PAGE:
Amid all the recent heart-wrenching news of shootings, bombs, and vehicular terrorism was a news event from Avon, Ohio. The story’s ending was less dramatic than the acts of violence and has likely already been forgotten by Americans, but it holds critical significance for how we as Americans see our identities, neighbors, and guests.
In late June 2016, Ahmed al-Menhali, a businessman from the United Arab Emirates, was looking for hotel accommodations in Avon, Ohio, after he had been told that the apartment he was renting would be unavailable during the Republican National Convention. As he waited in the lobby, a hotel clerk texted family members, falsely accusing Ahmed of pledging allegiance to ISIS in Arabic on his cell phone. A few minutes later police arrived with guns drawn, including an assault weapon, shouting orders to Ahmed to kneel as they handcuffed him. Ahmed, who was in the United States to receive medical treatment, complied and soon after collapsed.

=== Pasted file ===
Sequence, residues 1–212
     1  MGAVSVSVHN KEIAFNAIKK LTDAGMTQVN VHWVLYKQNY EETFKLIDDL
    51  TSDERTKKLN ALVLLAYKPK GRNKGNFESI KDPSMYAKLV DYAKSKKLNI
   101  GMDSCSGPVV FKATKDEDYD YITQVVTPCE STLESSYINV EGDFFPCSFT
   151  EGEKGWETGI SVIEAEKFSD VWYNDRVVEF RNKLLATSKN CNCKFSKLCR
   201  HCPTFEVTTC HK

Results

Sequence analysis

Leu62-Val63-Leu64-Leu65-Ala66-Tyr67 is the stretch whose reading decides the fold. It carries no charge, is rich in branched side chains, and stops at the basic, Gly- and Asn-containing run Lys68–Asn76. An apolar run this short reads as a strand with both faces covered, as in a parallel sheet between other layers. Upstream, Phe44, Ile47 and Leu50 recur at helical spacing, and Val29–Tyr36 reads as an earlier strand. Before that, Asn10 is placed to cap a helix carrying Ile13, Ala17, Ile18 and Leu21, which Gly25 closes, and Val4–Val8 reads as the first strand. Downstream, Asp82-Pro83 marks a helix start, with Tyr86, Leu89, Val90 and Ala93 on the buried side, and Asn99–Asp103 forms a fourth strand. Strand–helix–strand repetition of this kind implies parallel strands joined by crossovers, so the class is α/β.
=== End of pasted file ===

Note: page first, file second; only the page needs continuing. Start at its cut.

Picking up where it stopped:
The incident in Ohio occurred within days of the horrific ordeal at the Holey Artisan Bakery in Dhaka, where 22 people were killed. For me, reading about Ahmed al-Menhali in light of the news in Dhaka brought to mind quite a different narrative, one of intersecting paths, vulnerability, and profound kindness.
In 1999-2000, my husband and I were living in Bangladesh. On graduate student budgets, we did not live in Gulshan, the upscale Dhaka neighborhood of the café that was attacked, but a place like Holey Artisan Bakery would have been an appealing place to gather with other foreigners and locals. It was no surprise to us, then, to read that three students from American universities, along with several other foreigners and Bangladeshis, were in that café that night. It is an image that is vivid and impossible to forget.